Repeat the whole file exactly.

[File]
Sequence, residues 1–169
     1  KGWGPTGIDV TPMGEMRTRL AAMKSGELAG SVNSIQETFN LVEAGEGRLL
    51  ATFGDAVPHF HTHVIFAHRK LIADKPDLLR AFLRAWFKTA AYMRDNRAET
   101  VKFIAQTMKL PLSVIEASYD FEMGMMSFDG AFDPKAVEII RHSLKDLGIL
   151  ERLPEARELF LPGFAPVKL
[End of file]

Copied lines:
Sequence, residues 1–169
     1  KGWGPTGIDV TPMGEMRTRL AAMKSGELAG SVNSIQETFN LVEAGEGRLL
    51  ATFGDAVPHF HTHVIFAHRK LIADKPDLLR AFLRAWFKTA AYMRDNRAET
   101  VKFIAQTMKL PLSVIEASYD FEMGMMSFDG AFDPKAVEII RHSLKDLGIL
   151  ERLPEARELF LPGFAPVKL